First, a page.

Scissor doors are automobile doors that rotate vertically at a fixed hinge at the front of the door, rather than outward as with a conventional door.
A cleanroom suit, clean room suit, or bunny suit, is an overall garment worn in a cleanroom, an environment with a controlled level of contamination. One common type is an all-in-one coverall worn by semiconductor and nanotechnology line production workers, technicians, and process / equipment engineers, as well as people in similar roles creating sterile products for the medical device industry.
Latex rubber is used in many types of clothing. Rubber has traditionally been used in protective clothing, including gas masks and Wellington boots. Rubber is now generally being replaced in these application by plastics. Mackintoshes have traditionally been made from rubberized cloth.
Standard may refer to:
Clothing fetishism or garment fetishism is a sexual fetish that revolves around a fixation upon a particular article or type of clothing, a particular fashion or uniform, or a person dressed in such a style.
The Bakken Formation is a rock unit from the Late Devonian to Early Mississippian age occupying about 200,000 square miles (520,000 km2) of the subsurface of the Williston Basin, underlying parts of Montana, North Dakota, Saskatchewan and Manitoba. The formation was initially described by geologist J.W. Nordquist in 1953. The formation is entirely in the subsurface, and has no surface outcrop. It is named after Henry Bakken, a farmer in Tioga, North Dakota, who owned the land where the formation was initially discovered while drilling for oil.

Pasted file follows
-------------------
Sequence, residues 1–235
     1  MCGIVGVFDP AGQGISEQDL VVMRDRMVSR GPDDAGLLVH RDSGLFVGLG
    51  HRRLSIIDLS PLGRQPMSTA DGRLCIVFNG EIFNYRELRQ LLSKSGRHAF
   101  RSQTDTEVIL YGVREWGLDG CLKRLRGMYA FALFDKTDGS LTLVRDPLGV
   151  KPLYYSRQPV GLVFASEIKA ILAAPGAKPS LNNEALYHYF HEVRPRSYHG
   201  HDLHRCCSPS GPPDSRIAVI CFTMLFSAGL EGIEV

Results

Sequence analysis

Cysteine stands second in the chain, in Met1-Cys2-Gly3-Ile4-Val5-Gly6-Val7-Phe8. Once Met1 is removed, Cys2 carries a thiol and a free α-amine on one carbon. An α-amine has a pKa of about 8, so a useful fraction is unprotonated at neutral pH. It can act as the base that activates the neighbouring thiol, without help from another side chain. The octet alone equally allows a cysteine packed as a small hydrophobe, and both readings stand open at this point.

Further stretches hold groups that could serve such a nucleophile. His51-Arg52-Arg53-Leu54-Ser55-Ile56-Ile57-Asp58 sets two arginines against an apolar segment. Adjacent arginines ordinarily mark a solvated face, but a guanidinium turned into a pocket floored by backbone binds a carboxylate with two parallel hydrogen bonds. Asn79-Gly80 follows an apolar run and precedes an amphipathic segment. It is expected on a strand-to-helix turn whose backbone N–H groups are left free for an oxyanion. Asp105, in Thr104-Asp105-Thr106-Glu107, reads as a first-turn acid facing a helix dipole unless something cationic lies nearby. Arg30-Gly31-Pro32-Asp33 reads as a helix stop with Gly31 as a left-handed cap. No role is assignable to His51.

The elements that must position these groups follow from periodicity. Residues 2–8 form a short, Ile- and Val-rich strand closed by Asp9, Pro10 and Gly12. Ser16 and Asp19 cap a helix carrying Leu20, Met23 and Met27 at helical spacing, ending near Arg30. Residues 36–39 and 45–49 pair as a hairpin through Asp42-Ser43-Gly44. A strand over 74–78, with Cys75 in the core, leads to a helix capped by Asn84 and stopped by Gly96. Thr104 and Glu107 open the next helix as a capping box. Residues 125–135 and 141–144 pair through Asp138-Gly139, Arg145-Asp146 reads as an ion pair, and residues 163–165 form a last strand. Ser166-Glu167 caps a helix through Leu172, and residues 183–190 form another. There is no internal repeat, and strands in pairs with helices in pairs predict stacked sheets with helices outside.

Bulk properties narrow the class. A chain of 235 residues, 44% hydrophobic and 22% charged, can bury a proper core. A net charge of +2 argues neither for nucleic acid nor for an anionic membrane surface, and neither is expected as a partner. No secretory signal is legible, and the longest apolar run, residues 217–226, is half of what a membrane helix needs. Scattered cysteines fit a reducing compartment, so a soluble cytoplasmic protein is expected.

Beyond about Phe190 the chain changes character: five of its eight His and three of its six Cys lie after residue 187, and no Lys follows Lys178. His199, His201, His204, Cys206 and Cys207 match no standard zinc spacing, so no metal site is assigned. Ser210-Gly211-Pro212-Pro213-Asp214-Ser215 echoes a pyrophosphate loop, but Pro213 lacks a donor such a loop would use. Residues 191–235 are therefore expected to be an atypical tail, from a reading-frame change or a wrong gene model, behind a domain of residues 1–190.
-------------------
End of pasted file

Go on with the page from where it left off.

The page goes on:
Undergarments are items of clothing worn beneath outer clothes, usually in direct contact with the skin, although they may comprise more than a single layer. They serve to keep outer garments from being soiled or damaged by bodily excretions, to lessen the friction of outerwear against the skin, to shape the body, and to provide concealment or support for parts of it. In cold weather, long underwear is sometimes worn to provide additional warmth. Special types of undergarments have religious significance. Some items of clothing are designed as undergarments, while others, such as T-shirts and certain types of shorts, are appropriate both as undergarments and as outer clothing. If made of suitable material or textile, some undergarments can serve as nightwear or swimsuits, and some are intended for sexual attraction or visual appeal.
A waist cincher is a belt worn around the waist to make the wearer's waist physically smaller, or to create the illusion of being smaller.
Tight oil is light crude oil contained in petroleum-bearing formations of low permeability, often shale or tight sandstone. Economic production from tight oil formations requires the same hydraulic fracturing and often uses the same horizontal well technology used in the production of shale gas. While sometimes called "shale oil", tight oil should not be confused with oil shale, which is shale rich in kerogen, or shale oil, which is oil produced from oil shales. Therefore, the International Energy Agency recommends using the term "light tight oil" for oil produced from shales or other very low permeability formations, while the World Energy Resources 2013 report by the World Energy Council uses the terms "tight oil" and "shale-hosted oil".